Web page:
Brian Harman’s win at The Open Championship at Royal Liverpool was only the 11th instance of a left-handed golfer winning a Major, writes BRENDAN BARRATT.
In the history of Major Championship golf, spanning more than 150 years across the men’s and women’s games, five left-handed players have won a Major. It’s a staggering statistic, even considering that lefties only make up an estimated 10% of the world’s population. When it comes to golf, however, that number is even lower, with equipment sales revealing that just 8% of golfers play the game southpaw.
Diksha Dagar is a two-time winner on the Ladies European Tour. The Indian won the 2019 Investec South African Women’s Open at Westlake for her maiden professional title and followed that up with a win earlier this year, capturing the Czech Ladies Open in June.
Closer to home, Garrick Higgo is a three-time DP World Tour and PGA Tour champion, but one is hard-pressed to come up with other well-known lefties. Dylan Mostert is a recent Challenge Tour winner, Ruan Korb is a two-time Sunshine Tour winner and Luke Jerling is another good player.
Is there anyone else?
Yet perhaps this is the start of a lefty revolution, for on the very same weekend that Harman was lifting the Claret Jug, another left-hander was claiming victory across the pond in the opposite-field Barracuda Championship. Stick-thin American Ashkay Bhatia made it a lefty double when he edged Patrick Rodgers in a playoff.
THE MAJOR LEFTIES
Bob Charles (1963 Open)
The New Zealander became the first lefty to win a Major when he beat Phil Rodgers in a 36-hole playoff at Royal Lytham & St Annes. With very few lefties in the game at the time, he held that honour for 40 years until Mike Weir claimed The Masters in 2003. Over a distinguished career, Charles won 80 professional tournaments, and would go on to win two Senior Open Championships as well.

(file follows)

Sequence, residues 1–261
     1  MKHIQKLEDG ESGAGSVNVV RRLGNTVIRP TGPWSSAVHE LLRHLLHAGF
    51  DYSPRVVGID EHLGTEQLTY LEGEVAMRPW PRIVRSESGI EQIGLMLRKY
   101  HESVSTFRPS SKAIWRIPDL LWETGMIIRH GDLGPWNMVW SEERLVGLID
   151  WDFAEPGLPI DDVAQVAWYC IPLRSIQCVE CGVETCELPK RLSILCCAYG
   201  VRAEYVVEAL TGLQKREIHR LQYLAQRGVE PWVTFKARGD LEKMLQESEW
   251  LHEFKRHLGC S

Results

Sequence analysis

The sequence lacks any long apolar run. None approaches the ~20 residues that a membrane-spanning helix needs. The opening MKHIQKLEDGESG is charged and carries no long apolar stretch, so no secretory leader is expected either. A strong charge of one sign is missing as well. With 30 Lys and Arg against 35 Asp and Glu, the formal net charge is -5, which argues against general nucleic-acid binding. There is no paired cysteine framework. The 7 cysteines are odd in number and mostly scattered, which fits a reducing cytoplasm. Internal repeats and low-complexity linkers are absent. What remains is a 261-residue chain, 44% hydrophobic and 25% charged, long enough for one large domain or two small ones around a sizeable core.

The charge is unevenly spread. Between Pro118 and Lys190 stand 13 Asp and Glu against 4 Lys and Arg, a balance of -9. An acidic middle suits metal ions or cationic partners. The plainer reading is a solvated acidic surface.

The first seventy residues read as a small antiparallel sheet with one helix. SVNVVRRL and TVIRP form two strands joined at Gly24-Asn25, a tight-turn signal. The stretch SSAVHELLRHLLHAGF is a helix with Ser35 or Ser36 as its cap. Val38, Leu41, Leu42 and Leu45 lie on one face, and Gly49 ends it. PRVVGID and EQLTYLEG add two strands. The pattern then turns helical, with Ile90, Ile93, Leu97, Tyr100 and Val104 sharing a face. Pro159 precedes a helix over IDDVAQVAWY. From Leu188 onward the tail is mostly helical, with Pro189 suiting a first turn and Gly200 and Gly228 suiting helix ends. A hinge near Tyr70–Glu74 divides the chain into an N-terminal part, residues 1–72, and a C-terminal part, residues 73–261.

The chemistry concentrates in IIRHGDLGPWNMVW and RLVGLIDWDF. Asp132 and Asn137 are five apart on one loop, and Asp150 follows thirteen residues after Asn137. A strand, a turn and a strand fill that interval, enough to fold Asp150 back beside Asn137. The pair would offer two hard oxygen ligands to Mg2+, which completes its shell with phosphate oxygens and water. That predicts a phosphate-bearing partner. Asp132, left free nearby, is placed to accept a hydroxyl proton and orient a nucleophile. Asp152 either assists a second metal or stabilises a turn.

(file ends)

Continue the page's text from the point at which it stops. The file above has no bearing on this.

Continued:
Mike Weir (2003 Masters)
Weir needed one sudden-death playoff hole to capture The Masters and become the first Canadian Major winner – and the first lefty to win at Augusta. The Canadian would go on to reach the top 10 on the World Ranking, peaking at No 3 in 2003 after a tie for third at the US Open. In the years that followed, Weir was a regular contender at the Majors, but never managed to land another big one. Interestingly, like Phil Mickelson, Weir is actually right-handed, but plays golf left-handed.
Phil Mickelson (2004, 2006 and 2010 Masters, 2005 and 2021 PGA Championship and 2013 Open)
Undoubtedly the greatest lefty of them all, Mickelson for a long time carried the moniker of Best Player Never To Win A Major until the age of 36 when he broke South African hearts by edging Ernie Els to win the 2004 Masters. Once he got that particular monkey off his back, the Majors kept coming and he defied all odds to win the 2021 PGA Championship at the age of 50.
Bubba Watson (2012 and 2014 Masters)
Yet another lefty to win at The Masters – hinting that a natural left-handed fade is advantageous around Augusta National – Watson broke another South African’s heart when he edged Louis Oosthuizen in a playoff. Famously playing one of the greatest escape shots of all time on the second playoff hole, Bubba put a massive hook on a wedge shot to find the green and secure a winning par. The win took him to No 4 in the world. Watson followed up his first Masters win with another victory around Augusta National, edging rookie Jordan Spieth for the title. Interestingly for a player with two Majors to his name, Bubba has only finished inside the top 10 five times in a lengthy Major career spanning over 15 years, although this included a playoff loss to Martin Kaymer at the 2010 PGA Championship.
Brian Harman (2023 Open)
Harman came out of nowhere to win the Claret Jug this year. The diminutive left-hander had finished a distant runner-up to Brooks Koepka at the 2017 US Open, but his form leading into The Open showed no signs that he would run away with an early lead and keep it for 72 holes. Ultimately, Harman signed for a comfortable six-shot victory at Royal Liverpool, certainly making the bookies – who had him at 125-1 – happy.
– This article first appeared in the September 2023 issue of Compleat Golfer magazine.